During the summer of 2015, incoming first year students at Capital University were introduced to an online course called Cap 101, which has been designed to make the transition to college life smoother.
Cap 101 is a six step experience that was designed to “help get [first year students] the tools they need to start off at the University with the highest likelihood of success,” says Assistant Provost Jody Fournier, PhD. The program ran during July, with students completing the steps within four weeks.
First, students completed a step on engagement, in which they learned about the different offices that deal with involvement on and off campus. Some of the offices covered were the Office of Student Community and Engagement, the Office of Diversity and Inclusion, study abroad, and residential and commuter life.
Then, physical, spiritual, and mental wellness was covered. The second step also included programs regarding financial wellness, intermural sports, and athletics.
The third step, Academics, allowed students to complete the Educational Testing Services proficiency profile, which has previously been a written test during orientation weekend in the fall. By having the students take the test in the summer, it allowed for a better sense of placement in courses for the fall semester.
In the fourth step, the Success step, the course introduces the Blackmore Library and its services, and Academic Success peer tutoring, and academic coaching. There is also a section on making the transition to college life in which returning students voice the concerns they had when beginning school and provide answers to those questions.
The fifth step is Vocation, which teaches first year students about internships, job placement, and career opportunities by introducing them to the Career Development office and the Compass Leaders. “We needed to address students’ purpose of higher education in their lives earlier in their academic career,” says Fournier, as opposed to past years where those topics may not have been covered until the third or fourth year at Capital.
Lastly, Cap 101 covers #CapFam. This section builds on the unified theme, Tell Your Story, inspired by the book “Listening is an Act of Love” by Dave Isay, that all first year students were asked to read.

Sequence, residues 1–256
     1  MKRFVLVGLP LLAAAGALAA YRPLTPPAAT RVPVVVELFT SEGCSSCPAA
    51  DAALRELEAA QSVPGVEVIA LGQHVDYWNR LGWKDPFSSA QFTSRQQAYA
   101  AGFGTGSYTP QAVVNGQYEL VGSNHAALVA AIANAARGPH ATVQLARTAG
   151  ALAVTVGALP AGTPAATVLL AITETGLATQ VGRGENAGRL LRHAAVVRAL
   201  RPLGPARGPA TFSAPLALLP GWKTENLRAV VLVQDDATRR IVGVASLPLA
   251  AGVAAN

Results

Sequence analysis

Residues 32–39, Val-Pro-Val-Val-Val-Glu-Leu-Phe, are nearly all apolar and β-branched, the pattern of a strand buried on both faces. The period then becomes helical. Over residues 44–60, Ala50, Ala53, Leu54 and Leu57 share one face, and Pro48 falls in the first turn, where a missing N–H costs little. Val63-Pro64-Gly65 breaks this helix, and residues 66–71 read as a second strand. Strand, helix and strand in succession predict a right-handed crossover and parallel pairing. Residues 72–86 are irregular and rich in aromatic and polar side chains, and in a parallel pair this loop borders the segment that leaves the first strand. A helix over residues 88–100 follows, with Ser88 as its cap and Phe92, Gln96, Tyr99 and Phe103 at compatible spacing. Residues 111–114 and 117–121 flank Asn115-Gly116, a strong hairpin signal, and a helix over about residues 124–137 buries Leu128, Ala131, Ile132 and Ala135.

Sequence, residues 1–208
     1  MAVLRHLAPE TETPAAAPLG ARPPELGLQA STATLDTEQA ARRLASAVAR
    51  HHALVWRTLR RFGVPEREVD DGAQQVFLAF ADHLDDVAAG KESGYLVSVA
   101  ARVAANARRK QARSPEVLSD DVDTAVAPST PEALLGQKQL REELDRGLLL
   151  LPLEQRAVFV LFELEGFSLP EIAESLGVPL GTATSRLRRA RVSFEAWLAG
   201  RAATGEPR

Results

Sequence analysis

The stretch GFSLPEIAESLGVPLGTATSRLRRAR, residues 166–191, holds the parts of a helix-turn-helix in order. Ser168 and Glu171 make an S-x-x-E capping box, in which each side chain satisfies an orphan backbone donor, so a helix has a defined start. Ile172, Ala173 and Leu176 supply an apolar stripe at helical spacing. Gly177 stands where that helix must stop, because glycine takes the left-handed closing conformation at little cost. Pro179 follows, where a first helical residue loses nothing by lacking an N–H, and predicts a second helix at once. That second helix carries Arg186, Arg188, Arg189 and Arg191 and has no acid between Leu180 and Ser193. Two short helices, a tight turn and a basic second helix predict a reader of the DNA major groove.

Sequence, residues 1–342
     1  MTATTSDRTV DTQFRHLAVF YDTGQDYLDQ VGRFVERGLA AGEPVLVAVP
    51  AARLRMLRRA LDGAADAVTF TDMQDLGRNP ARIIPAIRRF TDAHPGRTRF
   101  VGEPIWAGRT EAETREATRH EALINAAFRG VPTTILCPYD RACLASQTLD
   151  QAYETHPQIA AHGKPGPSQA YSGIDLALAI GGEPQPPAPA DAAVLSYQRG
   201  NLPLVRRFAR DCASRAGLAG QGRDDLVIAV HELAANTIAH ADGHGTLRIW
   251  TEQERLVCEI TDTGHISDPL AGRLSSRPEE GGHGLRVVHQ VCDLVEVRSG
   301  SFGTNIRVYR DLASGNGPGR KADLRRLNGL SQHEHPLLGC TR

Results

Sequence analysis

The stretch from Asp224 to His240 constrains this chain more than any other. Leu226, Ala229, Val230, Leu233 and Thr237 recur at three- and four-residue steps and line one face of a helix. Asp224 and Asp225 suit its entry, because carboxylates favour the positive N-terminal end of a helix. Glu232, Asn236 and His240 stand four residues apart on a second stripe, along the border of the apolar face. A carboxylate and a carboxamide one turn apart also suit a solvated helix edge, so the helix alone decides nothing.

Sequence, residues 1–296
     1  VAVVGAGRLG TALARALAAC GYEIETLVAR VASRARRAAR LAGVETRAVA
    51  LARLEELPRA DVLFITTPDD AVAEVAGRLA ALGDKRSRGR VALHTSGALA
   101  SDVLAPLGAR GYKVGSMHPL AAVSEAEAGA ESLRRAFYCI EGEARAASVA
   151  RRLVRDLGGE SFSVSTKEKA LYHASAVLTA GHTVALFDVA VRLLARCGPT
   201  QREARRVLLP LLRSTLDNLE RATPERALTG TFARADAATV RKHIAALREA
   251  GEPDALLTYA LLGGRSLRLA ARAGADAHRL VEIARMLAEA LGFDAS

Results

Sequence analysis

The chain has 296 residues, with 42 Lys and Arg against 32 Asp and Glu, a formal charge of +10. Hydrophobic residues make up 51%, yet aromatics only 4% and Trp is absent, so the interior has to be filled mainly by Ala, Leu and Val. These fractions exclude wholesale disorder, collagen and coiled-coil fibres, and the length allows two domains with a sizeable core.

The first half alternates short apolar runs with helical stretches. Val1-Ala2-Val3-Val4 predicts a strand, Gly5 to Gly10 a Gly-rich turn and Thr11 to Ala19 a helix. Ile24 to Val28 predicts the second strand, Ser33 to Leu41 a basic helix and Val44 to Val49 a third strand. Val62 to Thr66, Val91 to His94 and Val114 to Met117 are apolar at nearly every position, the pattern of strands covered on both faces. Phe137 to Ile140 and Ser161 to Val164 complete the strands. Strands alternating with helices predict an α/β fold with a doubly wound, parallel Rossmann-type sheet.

Most of the modules begin with a video and follow with a variety of activities, quizzes, and exercises. At the end, each module offers the opportunity for students to provide feedback on what they have just learned and ways that the program can be improved.
“I don’t think it should be mandatory, especially since most students have been to campus several times and know most of the information,” says first year student Allison Hazel. “We even relearned the information during orientation weekend and during the University Core classes.”
Fournier and the rest team that has created the program has already recognized some changes that need to be made to the program. Next year, the program will be used not only by incoming first year, first time students who deposited around May 1, but also will be available to transfer students and those who deposited later in the summer. Also, instead of starting the program in July, the goal is to begin the program as soon as the incoming student deposits his or her money to reserve their place at the university.
“As a transfer student, it was very time consuming to try to learn the necessary information because I had other occupations during that time to prepare to come to campus,” says Grant Kendricks, a transfer student from Oakland Community College in Auburn Hills, Michigan. “For a student that has never been to college before, it could be very beneficial, but as a person who has already gone through that process at another college, it seems redundant.”
In the coming years, the university also plans to centralize all of the information needed from students. Instead of receiving several different emails from across campus, such as emergency contact forms, math placement exams, immunization forms, and language proficiency tests, all of the needed forms and exams will be available in Cap 101.
This program is one of the 146 action items that resulted from Foundations of Excellence, a self-study that Capital University participated in several years ago regarding the treatment of incoming students.
“[In the study], what we found was, while we were doing a lot of things well, we also found that there were a lot of redundancies—we had multiple programs competing with each other on campus, so we streamlined in many areas. Another thing we did is that we found that some things we were doing we just needed to rethink and rebuild from the ground up. Cap 101 falls in the category of things that we weren’t doing and that we needed to do,” says Fournier.
Another major change that resulted from the study was the inclusion of First Year Seminars, a UC-100 course that began in the fall semester of 2014.
Unlike other universities that spend most of the semester in first year seminars introducing students to different offices and services on campus, the introduction of Cap 101 has allowed the First Year Seminar classes to become more general education, critical thinking, and visual literacy based.
The entire program was made at Capital by the electronic media & film program and Information Technology.
“I’m so proud of all of the team that worked on this, it’s been just fantastic,” says Fournier. “There’s been many different offices and individuals involved… it’s pretty cool.”
Although there will be changes made to the program, Cap 101 will be continued next year for first year students and transfer students.